There’s one very specific, subjective to measure the quality of an iOS game. Does it stay on my iPad after I have played enough to review it? Although my iPad may be a shiny iPad 3, its also a somewhat wimpy 16 GB model, meaning that any game on there has to work hard to justify its existence. Is it sufficient for this review then to say that Jack Lumber is still on my iPad? No? Ok, let me say more!
Developed by Owlchemy Labs and published by Sega, Jack Lumber is a well presented game that more than justifies its place even with your limited storage capacity. It’s an accessible, casual affair, but its also curiously addictive an well presented too. It has a bleak humour to it that you wouldn’t expect from such a bright, cartoon-inspired title and wickedly addictive gameplay too.
Jack’s justification for his tree genocide is simple. “A tree killed his granny and now he is out for revenge. Meet Jack Lumber, the superhuman lumberjack who hates trees, loves animals, and hates trees. Did we say that twice? The guy really hates trees.”
The actual gameplay is very simple, but surprisingly for this kind of title, its actually fairly original. While titles like Angry Birds actually cribbed there gameplay from existing retro and flash games, I can’t think of a title Jack Lumber steals its central gameplay idea from. Its a simple one though; logs fly up in the air and you try to slice a clean line through them. As soon as you touch the screen time slows, allowing to to split them down the middle and draw one long looping path through all the logs on screen. Bonuses are awarded for slicing through more than one log in a long continuous line, and you need to make sure you split the logs down the centre or you lose your combo.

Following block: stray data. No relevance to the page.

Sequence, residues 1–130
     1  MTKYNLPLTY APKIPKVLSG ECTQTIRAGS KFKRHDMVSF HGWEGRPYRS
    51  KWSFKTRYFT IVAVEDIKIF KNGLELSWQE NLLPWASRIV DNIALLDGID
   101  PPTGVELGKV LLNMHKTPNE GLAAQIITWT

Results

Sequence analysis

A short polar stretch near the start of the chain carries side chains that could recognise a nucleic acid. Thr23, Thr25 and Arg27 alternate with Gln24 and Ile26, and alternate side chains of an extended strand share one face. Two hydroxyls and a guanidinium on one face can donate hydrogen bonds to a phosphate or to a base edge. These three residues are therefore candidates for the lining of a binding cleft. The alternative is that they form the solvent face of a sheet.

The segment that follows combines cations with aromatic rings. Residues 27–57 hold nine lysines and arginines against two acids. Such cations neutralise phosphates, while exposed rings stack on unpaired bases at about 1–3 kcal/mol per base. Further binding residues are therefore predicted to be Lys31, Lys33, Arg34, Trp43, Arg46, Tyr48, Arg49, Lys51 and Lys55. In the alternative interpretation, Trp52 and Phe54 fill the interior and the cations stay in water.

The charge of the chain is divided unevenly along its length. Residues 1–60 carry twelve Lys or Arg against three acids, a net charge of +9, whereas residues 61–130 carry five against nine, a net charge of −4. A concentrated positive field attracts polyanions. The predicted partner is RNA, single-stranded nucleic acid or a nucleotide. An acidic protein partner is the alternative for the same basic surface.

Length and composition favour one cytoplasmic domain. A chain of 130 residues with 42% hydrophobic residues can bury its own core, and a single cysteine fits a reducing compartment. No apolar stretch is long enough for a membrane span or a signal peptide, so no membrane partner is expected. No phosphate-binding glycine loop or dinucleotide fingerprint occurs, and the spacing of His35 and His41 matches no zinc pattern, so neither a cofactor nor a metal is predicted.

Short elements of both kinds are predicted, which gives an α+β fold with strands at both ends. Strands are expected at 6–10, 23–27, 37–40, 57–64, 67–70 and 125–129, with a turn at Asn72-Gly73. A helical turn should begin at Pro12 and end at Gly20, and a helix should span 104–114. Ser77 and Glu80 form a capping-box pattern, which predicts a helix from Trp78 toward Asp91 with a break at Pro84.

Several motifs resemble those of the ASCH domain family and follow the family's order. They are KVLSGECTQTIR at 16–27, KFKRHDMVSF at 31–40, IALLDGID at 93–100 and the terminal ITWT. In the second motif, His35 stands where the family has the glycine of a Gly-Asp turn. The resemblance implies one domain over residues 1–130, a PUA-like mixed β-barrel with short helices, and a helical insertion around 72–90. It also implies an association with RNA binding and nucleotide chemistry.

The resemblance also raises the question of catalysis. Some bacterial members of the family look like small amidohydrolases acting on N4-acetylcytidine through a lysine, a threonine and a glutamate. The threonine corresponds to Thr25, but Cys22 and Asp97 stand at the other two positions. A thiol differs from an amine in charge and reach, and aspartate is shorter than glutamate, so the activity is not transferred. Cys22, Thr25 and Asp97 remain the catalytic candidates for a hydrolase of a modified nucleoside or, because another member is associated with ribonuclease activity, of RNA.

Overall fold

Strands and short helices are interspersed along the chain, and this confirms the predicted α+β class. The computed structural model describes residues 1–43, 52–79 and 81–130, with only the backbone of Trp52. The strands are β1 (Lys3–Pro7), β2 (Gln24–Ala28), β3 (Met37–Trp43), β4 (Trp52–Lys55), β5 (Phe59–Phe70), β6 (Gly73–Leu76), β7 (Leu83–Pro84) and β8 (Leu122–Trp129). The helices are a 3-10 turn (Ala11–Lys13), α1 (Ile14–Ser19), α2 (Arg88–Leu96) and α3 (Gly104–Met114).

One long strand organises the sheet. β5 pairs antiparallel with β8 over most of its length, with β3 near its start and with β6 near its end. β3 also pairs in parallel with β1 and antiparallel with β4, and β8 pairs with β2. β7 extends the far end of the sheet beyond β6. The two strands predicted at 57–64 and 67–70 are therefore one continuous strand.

The challenge comes in the different types of logs that you must slice. Some are curved requiring a bend in the cut while others spin fast or requiring multiple slices to split. The challenge then comes not from slicing as many logs as fast as possible, as in Fruit Ninja, but rather in finding the best line to trace that hits every log on screen. As a result its slightly slower paced but requires more thought. The addition of animals that you must avoid means that care must be taken and you can’t rush too much.
The animals that you save appear back in your cabin, a hub where you can push them around to produce amusing reaction sounds or chat with your beaver who offers advice and tells jokes. The cabin is a nice palette cleanser between levels and highlights the games quirky theme and sense of humour. Notes posted under the door offer further advice. Each level meanwhile has a number of optional goals like in Jetpack Joyride, and overall there’s a sense of fun and subtle charm throughout all aspects of the games presentation.
And its still on my iPad. Jack Lumber made that esteemed group of game that justifies its memory footprint for play during flights, long journeys, when waiting for a friend or during a conversation when the other person starts a long sentence. It’s so accessible and quick that you can play for 15 seconds or 15 minutes. A solidly enjoyable, cheap and cheerful casual classic.
8 chopped stump chumps out of 10